Take the 2-minute tour ×
Stack Overflow is a question and answer site for professional and enthusiast programmers. It's 100% free, no registration required.

I want to achieve the following:

  1. Have a AxBxC matrix (where A,B,C are integers).
  2. Access that matrix not as matrix[a, b, c] but as matrix[(a, b), c], this is, I have two variables, var1 = (x, y) and var2 = z and want access my matrix as matrix[var1, var2].

How can this be done? I am using numpy matrix, if it makes any difference.

I know I could use matrix[var1[0], var1[1], var2], but if possible I'd like to know if there is any other more elegant way.


share|improve this question
matrix[a,b][c] ? –  John Paulett Nov 10 '09 at 23:05
Add that as asnwer and I'll rate it. Thanks! –  devoured elysium Nov 10 '09 at 23:10

2 Answers 2

up vote 3 down vote accepted

If var1 = (x,y), and var2 = z, you can use

share|improve this answer

I think you can simply subclass the NumPy matrix type, with a new class of your own; and overload the __getitem__() nethod to accept a tuple. Something like this:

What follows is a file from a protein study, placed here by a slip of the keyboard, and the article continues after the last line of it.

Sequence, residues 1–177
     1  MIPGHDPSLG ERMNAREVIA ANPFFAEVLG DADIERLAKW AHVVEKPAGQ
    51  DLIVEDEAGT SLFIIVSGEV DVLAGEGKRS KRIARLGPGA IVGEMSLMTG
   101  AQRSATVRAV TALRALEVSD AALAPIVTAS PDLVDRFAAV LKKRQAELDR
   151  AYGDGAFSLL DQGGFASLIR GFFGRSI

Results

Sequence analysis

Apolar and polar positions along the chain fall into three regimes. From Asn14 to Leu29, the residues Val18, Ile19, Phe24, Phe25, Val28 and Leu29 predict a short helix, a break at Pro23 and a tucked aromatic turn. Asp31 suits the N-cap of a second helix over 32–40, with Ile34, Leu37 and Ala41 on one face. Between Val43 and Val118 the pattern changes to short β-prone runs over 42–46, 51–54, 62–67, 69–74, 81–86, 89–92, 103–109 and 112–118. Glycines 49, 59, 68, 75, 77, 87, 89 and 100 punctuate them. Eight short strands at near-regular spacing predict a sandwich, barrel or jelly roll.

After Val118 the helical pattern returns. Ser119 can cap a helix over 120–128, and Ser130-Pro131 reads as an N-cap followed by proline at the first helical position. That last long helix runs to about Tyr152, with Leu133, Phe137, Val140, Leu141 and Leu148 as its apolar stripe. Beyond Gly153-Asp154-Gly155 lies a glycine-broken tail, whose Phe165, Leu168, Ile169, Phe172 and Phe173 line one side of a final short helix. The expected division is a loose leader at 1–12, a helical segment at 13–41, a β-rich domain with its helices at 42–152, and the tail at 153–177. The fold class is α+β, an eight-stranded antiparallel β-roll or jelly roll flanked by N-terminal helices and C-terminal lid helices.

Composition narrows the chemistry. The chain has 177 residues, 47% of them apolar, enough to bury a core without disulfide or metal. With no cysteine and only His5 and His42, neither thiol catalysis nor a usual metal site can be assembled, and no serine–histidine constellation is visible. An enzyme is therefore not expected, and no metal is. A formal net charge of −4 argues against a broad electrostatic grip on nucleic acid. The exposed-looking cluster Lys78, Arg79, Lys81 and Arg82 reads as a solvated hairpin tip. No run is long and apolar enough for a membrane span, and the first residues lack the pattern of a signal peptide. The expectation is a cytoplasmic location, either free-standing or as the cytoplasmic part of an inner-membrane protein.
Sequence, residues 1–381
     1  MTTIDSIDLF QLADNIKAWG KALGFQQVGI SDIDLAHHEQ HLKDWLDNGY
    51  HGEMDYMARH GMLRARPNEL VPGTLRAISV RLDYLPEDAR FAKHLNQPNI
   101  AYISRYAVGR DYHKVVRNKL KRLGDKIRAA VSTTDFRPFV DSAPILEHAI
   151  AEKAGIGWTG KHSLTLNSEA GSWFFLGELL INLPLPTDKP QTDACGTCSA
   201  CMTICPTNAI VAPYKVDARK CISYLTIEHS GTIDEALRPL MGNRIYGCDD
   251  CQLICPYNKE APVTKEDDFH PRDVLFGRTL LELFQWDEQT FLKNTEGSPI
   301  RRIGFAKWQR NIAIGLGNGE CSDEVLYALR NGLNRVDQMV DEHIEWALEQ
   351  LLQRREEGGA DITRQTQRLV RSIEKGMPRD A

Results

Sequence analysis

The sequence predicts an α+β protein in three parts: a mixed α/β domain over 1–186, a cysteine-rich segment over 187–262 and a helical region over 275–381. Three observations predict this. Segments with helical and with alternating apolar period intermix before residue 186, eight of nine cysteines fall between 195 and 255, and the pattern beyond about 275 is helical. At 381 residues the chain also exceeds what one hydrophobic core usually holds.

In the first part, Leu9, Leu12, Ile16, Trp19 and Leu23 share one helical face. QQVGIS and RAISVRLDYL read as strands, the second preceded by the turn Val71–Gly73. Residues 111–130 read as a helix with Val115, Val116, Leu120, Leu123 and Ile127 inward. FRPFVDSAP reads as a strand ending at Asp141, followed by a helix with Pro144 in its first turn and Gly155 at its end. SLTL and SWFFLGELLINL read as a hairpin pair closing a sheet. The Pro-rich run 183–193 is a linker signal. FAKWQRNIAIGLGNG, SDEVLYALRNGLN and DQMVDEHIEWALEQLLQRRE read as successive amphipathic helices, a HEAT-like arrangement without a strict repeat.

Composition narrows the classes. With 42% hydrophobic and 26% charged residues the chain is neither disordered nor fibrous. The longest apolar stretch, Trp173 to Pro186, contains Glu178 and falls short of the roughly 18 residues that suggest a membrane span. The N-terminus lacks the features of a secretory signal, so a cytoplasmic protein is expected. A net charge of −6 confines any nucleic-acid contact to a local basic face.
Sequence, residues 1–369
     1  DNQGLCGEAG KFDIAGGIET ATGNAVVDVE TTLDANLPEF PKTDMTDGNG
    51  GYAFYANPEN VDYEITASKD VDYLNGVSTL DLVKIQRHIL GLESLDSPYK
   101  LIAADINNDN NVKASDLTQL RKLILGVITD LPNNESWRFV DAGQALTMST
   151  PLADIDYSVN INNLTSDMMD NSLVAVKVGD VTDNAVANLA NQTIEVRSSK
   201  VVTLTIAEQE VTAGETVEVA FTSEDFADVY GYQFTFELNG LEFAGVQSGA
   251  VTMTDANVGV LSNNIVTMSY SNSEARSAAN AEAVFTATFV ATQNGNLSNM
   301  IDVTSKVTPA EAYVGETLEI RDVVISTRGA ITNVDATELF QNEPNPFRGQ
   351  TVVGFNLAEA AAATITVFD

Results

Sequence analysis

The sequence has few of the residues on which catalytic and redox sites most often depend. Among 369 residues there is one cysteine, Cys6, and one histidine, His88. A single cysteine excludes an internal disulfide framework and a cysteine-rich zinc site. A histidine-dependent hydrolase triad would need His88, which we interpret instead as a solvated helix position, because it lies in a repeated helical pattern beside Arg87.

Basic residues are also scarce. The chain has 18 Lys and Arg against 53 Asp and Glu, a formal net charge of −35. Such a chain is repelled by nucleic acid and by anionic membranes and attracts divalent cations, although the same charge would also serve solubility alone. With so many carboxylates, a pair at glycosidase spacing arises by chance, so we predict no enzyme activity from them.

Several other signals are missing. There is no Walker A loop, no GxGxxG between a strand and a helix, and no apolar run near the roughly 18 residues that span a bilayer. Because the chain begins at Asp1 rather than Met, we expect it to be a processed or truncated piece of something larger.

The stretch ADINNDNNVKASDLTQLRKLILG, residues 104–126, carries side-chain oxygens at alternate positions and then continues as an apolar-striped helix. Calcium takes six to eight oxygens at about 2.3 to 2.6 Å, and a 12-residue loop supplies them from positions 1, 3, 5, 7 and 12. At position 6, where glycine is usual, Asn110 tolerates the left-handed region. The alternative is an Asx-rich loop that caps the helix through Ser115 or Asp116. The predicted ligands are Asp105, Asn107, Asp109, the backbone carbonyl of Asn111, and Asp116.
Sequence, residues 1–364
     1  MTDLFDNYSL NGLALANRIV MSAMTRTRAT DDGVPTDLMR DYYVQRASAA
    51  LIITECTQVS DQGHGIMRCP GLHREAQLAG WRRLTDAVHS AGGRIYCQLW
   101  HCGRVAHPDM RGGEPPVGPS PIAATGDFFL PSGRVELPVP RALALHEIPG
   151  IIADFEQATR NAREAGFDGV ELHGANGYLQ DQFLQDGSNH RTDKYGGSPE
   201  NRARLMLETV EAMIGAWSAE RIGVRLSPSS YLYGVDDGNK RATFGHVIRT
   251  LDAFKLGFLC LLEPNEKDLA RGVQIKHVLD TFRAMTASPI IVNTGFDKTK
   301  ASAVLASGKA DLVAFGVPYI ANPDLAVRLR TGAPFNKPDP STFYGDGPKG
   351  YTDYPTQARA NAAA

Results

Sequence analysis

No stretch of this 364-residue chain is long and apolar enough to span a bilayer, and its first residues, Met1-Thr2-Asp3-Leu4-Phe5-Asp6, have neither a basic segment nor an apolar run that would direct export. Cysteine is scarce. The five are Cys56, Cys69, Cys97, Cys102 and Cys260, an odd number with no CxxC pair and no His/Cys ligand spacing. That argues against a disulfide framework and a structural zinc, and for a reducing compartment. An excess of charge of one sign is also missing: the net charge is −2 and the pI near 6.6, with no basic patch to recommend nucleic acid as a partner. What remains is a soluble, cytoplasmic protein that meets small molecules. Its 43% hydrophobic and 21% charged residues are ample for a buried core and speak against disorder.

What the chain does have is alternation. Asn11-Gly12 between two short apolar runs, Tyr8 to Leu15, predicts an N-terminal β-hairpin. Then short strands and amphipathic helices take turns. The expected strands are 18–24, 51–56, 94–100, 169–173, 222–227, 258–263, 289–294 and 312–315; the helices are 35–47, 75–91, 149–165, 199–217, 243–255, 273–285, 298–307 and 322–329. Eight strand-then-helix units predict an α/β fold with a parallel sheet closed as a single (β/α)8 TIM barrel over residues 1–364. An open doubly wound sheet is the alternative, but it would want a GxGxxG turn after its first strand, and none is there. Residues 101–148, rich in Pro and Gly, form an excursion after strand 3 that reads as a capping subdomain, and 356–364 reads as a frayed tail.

class SpecialMatrix(np.matrix):
    def __getitem__(self, arg1, arg2, arg3=None):
            i, j = arg1
            k = arg2
            assert(arg3 is None)
            x = super(SpecialMatrix, self).__getitem__(i, j, k)
        except TypeError:
            assert(arg3 is not None)
            return super(SpecialMatrix, self).__getitem__(arg1, arg2, arg3)

And do something similar with __setitem__().

I'm not sure if __getitem__() takes multiple arguments like I'm showing here, or if it takes a tuple, or what. I don't have NumPy available as I write this answer, sorry.

EDIT: I re-wrote the example to use super() instead of directly calling the base class. It has been a while since I did anything with subclassing in Python.

EDIT: I just looked at the accepted answer. That's totally the way to do it. I'll leave this up in case anyone finds it educational, but the simple way is best.

share|improve this answer

Your Answer


By posting your answer, you agree to the privacy policy and terms of service.

Not the answer you're looking for? Browse other questions tagged or ask your own question.